Brazil is the largest country of South America and has a population of over 200 million people. The country is categorised by the World Bank as an upper middle income country with a GDP of 1.7 trillion US$, making it the 9th largest economy in the world.
Brazil ranked 79 out of 176 countries in the Corruption Perception Index 2016 by Transparency International. 2013 by Transparency International indicate that the majority (70%) of Brazilians surveyed agree on the seriousness of the challenge and a significant number (40%) believe that the government acts according to its own interests. Furthermore, in Transparency International’s 2011 Bribe Payers Index, Brazil ranked 14th out of the 28 largest economies in the world with respect to the perceived likelihood of their companies to pay bribes abroad.
Brazil has ratified the OECD Anti-Bribery Convention, the United Nations Convention against Corruption (UNCAC), the Inter-American Convention against Corruption and the United Nations Convention against Transnational Organized Crime.
Moreover, Brazil is known for its strong legal framework aimed at preventing corruption, especially regarding the specific provisions contained in the Brazilian Penal Code. In addition, 2014 saw Brazil pass an anti-bribery law (Clean Company Act (12846/2013)) that makes businesses liable for corruption committed against the public administration. Furthermore, the country’s government is one of the founders of the Open Government Partnership (OGP), which is a multilateral initiative that aims to secure concrete commitments from governments to promote transparency and fight corruption.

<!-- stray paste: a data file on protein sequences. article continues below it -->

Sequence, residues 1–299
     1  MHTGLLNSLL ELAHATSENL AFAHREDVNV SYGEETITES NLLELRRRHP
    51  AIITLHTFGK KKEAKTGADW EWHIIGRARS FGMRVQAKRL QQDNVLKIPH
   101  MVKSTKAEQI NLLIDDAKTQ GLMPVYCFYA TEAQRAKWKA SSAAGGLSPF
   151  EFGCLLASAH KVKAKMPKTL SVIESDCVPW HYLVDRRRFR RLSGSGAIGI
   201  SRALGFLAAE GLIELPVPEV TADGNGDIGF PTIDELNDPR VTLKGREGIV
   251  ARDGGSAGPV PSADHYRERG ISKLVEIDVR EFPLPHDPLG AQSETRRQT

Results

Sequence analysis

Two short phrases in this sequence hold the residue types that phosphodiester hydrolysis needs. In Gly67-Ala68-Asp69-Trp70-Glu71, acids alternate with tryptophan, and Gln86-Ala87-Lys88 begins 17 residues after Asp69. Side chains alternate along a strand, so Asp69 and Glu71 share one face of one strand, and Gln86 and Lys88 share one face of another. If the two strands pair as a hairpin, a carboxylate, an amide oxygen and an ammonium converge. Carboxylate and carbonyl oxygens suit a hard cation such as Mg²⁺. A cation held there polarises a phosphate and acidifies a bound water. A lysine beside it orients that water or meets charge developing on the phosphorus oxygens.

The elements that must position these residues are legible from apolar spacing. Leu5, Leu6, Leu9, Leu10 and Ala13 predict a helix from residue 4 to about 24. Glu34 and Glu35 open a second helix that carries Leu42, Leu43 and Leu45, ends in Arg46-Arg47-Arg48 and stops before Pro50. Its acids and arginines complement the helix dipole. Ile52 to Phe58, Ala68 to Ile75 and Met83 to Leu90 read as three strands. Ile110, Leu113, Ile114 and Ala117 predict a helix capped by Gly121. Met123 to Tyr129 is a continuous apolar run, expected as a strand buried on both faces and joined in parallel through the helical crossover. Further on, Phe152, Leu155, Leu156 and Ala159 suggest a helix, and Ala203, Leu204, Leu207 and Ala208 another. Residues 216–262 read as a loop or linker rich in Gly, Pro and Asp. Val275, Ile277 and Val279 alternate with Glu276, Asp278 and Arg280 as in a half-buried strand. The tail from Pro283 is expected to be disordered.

Instituto Ethos is the leading Corporate Social Responsibility organisation in the country, known for raising awareness on corruption and bribery for industrial federations in Brazil. Together with other organisations, Instituto Ethos launched the Business Pact for Integrity and Against Corruption, which has committed more than 500 companies to respect certain directives and procedures aimed at curbing corruption. The local chapter of Transparency International, Transparencia Brasil, runs several anti-corruption projects and functions, operating in a similar manner to that of an advisory organ to federal and state governmental institutions.
Corruption scandals in Brazil in the past led to massive public demonstrations in the country that have gained extensive media coverage and have now set the stage for the private sector to get involved and pay closer attention to matters of corporate transparency and integrity.
|Population:||204.5 million inhabitants||GDP per capita:||8,539 US$ (2015)|
|Form of government:||Presidential federative republic||TI CPI rank:||79 out of 176 (2016)|
|GDP:||1,775 billion US$ (2014)||Score:||40/100|
The Alliance for Integrity has been active in Brazil since 2014. The Alliance for Integrity office in Brazil is located in São Paulo, a city with over 20 million inhabitants, often considered a melting pot and the financial capital of the nation.
In May 2016 the joint Advisory Group of the Alliance for Integrity and Transparency International was established. It comprises representatives of the following organisations: